The Anatomy of the Xiangqi part 4

--the end game
“it starts and ends with the endgame…”

In Xiangqi, the end game can be defined as the latter third part of the game. This is usually the stage where the final result is determined, be it a win or a loss or a draw. Most games last till endgame unless fatal mistakes have been made too early.

The endgame has the following characteristics:

  1. Lesser pieces ( after exchanges in the opening or mid-game)
  2. Less complex than the mid-game or openings
  3. Easier to analyze and determine whether the game is a draw or who has the upper hand.
  4. Certain formations where the result can be predicted

For the beginner, the study of the endgame is a good place to start learning Xiangqi.
The study of endgames in Xiangqi has been done to such an extent that now many formations can be determined as a sure win situation 例胜 or sure draw 例和. For example, one horse against one advisor is a sure win situation no matter where the horse is placed or how the advisor defends. A horse against 2 elephants is a sure draw.

However, due to bad positioning, there might be a way for the aggressor to win. For example, a horse against 1 elephant is normally deemed a sure draw if the elephant is placed correctly. Sometimes, however, the horse might be able to capture the elephant and win the game ( one horse versus a solitary king is a sure win situation). This is called a positional win or incidental win 巧胜 according to the WXF. The same goes for positional draw or 巧和.  

Enough cannot be said about the importance of remembering such situations, and nothing hurts more than to draw or even lose in the end game when you are supposed to win.
It is impossible and not within the context of this website to list all the sure-win situations or definite draw situations. I will only list the more commonly seen ones. 

I will organize these end-games and present to you each one of them and try to explain the rules as clear as possible.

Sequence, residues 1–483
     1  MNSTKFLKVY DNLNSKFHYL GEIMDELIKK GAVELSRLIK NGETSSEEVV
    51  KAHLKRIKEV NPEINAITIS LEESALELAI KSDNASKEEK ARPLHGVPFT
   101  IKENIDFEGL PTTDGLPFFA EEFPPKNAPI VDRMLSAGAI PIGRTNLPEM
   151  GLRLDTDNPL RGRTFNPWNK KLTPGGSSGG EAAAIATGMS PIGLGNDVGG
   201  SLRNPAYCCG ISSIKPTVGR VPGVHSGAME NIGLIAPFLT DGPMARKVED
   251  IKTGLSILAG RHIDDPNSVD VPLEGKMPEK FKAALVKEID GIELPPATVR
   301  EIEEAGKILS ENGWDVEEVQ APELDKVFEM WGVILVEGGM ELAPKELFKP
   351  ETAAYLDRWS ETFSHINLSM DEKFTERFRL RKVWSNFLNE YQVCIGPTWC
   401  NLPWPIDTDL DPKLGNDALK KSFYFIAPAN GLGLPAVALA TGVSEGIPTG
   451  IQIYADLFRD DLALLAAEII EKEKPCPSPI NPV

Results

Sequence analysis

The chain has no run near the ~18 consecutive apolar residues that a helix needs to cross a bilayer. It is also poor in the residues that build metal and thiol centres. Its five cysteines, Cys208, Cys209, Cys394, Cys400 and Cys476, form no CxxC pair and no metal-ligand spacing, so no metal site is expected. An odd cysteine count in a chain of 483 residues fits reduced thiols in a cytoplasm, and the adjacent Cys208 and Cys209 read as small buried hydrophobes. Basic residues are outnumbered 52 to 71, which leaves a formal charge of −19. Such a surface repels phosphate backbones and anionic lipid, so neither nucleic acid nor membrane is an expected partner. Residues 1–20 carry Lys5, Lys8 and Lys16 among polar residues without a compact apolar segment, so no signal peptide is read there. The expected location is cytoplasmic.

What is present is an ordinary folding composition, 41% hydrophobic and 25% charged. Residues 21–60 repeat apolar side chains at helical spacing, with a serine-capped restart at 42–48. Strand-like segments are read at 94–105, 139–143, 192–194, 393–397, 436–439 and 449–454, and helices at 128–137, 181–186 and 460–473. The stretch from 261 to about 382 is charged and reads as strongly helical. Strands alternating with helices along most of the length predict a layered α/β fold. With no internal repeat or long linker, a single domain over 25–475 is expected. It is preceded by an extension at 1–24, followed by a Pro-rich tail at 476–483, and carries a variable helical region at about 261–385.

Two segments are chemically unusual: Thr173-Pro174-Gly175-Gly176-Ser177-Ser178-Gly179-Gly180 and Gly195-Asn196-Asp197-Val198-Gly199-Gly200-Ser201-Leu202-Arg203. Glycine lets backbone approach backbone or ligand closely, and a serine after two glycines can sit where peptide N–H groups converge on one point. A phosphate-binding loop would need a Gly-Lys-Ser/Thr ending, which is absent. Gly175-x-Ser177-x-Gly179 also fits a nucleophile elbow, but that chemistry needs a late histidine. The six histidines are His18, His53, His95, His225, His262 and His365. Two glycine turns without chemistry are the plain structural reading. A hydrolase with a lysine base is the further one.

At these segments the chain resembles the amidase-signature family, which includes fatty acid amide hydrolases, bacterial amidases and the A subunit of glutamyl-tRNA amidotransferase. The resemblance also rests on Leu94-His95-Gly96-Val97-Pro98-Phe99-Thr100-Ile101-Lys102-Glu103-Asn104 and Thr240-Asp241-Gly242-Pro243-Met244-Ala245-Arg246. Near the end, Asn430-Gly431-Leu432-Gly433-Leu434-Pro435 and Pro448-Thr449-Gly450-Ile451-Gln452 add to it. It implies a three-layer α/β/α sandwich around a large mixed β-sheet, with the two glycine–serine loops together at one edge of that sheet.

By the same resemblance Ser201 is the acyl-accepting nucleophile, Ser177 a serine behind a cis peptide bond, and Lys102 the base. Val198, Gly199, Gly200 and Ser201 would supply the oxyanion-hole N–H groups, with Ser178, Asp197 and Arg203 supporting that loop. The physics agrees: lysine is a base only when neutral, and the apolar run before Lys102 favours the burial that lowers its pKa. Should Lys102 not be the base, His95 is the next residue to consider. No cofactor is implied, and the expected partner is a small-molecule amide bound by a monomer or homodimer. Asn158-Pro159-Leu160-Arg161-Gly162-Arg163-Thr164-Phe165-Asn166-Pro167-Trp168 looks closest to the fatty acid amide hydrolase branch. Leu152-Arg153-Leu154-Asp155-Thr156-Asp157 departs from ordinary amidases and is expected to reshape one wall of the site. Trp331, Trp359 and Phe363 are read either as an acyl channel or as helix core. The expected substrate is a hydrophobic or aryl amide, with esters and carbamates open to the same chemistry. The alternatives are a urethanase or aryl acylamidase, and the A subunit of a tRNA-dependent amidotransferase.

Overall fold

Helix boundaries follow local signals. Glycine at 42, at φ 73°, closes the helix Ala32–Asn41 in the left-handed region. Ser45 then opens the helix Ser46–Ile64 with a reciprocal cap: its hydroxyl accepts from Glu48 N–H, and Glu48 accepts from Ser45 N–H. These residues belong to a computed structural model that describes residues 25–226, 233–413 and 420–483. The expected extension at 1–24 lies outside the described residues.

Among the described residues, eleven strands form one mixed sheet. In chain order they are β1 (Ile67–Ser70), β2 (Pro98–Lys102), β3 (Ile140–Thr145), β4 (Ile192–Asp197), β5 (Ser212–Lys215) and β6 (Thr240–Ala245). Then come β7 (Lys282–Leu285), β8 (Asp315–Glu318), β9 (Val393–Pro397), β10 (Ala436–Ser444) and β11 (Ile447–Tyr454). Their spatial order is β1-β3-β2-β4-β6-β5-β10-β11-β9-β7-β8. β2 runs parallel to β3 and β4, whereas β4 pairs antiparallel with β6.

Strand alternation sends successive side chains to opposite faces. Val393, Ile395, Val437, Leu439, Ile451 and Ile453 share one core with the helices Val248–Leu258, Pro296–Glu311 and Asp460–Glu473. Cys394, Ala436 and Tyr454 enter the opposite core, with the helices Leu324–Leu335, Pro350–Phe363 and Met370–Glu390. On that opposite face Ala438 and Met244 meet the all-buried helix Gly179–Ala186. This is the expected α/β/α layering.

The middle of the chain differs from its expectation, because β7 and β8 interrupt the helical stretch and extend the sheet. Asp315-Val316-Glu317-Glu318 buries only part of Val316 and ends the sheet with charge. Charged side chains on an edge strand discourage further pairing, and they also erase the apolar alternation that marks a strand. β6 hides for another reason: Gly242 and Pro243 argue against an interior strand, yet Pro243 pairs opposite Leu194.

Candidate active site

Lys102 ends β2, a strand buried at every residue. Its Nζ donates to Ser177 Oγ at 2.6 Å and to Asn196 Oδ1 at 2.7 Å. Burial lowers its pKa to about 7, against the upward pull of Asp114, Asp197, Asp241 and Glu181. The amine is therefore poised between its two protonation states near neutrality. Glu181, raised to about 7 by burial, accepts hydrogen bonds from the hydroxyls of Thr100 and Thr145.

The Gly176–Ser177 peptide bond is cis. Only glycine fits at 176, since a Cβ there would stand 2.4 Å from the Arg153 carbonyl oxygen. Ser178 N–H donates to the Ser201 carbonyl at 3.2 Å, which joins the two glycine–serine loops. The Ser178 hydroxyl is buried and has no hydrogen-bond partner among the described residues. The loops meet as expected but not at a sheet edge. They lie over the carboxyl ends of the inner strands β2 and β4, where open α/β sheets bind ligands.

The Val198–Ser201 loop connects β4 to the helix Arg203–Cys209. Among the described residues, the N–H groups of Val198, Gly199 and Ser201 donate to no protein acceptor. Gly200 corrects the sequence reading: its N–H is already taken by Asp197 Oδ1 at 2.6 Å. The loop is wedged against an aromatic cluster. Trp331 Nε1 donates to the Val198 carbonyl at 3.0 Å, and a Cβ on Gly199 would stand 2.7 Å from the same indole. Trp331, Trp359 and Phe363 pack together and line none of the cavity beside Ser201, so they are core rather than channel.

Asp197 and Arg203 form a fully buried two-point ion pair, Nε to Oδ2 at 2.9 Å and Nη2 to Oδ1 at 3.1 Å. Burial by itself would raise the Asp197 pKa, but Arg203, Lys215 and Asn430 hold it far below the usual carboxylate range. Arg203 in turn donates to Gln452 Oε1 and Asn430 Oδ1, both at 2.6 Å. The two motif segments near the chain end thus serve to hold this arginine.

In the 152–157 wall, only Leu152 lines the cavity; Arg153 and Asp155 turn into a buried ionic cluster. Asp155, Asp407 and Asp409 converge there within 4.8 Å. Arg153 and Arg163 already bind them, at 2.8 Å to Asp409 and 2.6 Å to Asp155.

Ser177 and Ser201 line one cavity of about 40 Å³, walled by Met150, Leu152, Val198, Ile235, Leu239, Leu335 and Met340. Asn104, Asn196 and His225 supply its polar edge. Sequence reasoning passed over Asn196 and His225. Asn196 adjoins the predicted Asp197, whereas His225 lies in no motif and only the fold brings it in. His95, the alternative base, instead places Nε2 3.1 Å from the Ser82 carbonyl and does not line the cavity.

To facilitate memory, abbreviations of the pieces will be used. The king is usually not represented. Only the pieces left are represented by their WXF notations. SW = sure win, PW = positional win, SD = sure draw and PW = positional draw.

For example,

a)      1C1A SW 1A, would mean that 1 cannon with 1 advisor is a sure win against the opposing side with only one advisor left. Normally, you have to manipulate your pieces into a certain position and a win is guaranteed. These are the endgames where it is highly recommended that you memorize.

b)      1R PW 2E2A, would mean that in this endgame, there is positional win (PW) for one chariot against 2 elephants and 2 advisors.

c)      1R SD 2E2A, would mean that a draw is normally the ruling when a chariot is faced against 2 elephants and 2 advisors

 Last updated: 21st March 2011              To the next article: Introduction to endgame compositions

References :

  1. In Chinese, <<象棋入门>> by 李浭 and 馬正福
  2. In Chinese, <<少兒象棋啟蒙篇>> by 傅寶勝
  3. In English, Chinese Chess, An Introduction to China’s Ancient game of Strategy by HT Lau
  4. In Chinese, <<象棋四日通>> by Master 黃少龍   
  5. In English, http://www.chessvariants.com/xiangqi.html  
  6. In English, http://en.wikipedia.org/wiki/Xiangqi

 

 

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